THE SPANISH ARMADA (1588)
Why did Philip II try to invade England?
· He had despaired of Elizabeth becoming a catholic; he saw his duty as being that of
bringing England back to Catholicism.
· As the husband of Mary Tudor he had some claim to the English throne especially as
Marie Stewart was by then dead.
· Any hesitation he might have had in helping Marie to the throne had now been removed
and he could claim he was avenging the death of a Catholic martyr.
· Drake and the other English Sea Dogs had been raiding Spanish treasure ships and
ports; they (and Elizabeth) needed to be stopped and punished.
· Similarly the English had to be stopped from aiding the Protestant Dutch rebels.
What was the Spanish plan? What were its flaws?
The Spanish fleet would sail in strict formation to rendez vous with the Duke of Parma’s
army; which would then be escorted and transported across the Channel to the Thames
Estuary. English Catholics would support the Spaniards.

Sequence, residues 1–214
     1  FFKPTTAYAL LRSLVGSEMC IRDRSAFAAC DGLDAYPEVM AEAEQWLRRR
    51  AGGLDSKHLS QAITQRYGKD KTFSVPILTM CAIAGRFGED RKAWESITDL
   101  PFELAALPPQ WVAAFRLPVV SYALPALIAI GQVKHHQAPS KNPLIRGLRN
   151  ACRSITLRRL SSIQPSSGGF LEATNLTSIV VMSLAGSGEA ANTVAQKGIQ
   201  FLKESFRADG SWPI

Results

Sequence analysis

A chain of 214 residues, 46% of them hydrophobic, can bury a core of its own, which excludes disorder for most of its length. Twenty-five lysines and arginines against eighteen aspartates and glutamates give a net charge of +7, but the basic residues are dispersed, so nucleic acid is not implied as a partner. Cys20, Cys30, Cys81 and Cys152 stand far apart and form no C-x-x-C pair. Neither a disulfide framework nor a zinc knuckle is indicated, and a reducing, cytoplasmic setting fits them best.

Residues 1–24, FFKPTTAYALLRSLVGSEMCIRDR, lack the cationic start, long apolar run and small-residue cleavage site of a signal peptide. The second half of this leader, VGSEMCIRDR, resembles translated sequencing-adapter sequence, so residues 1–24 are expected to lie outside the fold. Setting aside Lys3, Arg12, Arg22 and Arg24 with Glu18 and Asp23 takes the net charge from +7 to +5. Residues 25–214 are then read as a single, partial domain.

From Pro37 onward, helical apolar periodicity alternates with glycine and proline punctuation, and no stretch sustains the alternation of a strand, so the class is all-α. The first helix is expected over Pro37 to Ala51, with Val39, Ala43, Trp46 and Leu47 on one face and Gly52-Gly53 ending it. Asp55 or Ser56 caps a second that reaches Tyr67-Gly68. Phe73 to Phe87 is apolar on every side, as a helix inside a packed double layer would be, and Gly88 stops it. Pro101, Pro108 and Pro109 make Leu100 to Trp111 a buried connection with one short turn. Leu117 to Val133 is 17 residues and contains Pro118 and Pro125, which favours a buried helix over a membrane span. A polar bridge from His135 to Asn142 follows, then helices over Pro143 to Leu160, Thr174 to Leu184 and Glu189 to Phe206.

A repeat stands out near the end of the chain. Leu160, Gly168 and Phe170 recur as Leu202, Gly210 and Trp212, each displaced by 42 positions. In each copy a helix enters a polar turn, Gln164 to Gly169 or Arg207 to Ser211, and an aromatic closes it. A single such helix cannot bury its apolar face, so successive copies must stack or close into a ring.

It was an inflexible plan (shown by Medina Sidonia’s refusal to contemplate an attack on
the English fleet in Plymouth. Inadequate resources had been collected.
Philip left too much to fate (or God) and chose an unsuitable and inexperienced
No proper arrangements had been made for the rendez vous with Parma and little
thought had been given to how the army would be embarked.
By August the weather in the English Channel would be unpredictable; the Mediterranean
galleys & galleasses were unsuited for the Channel and the Atlantic.
Why did the Armada fail?
All the above reasons contributed to its failure but the lack of coordination between
Sidonia and Parma was crucial. That in itself would have led to the failure of “the
Enterprise of England”.
If Sidonia had successfully attacked Plymouth there might have been time to coordinate
Parma’s embarkation; the Spanish fleet would not have been attacked by the English
fleet, in particular the Fire Ships.
The panicked and scattered Armada was then vulnerable to the storms of the North Sea
& Atlantic. By this time the enterprise had already failed; the weather would now ensure
that many of the ships would be wrecked and would not return. (The Armada had already
been unlucky in being hit by storms after leaving Lisbon, they had to put into Corunna
before sailing towards England.)
The weather and unseasoned barrels meant the Armada soldiers and sailors were
already in a state of poor health and morale by the time they reached the English
Channel they were attacked by the Fire Ships; they were obviously in no fit state to face
the fierce storms off Scotland & Ireland.
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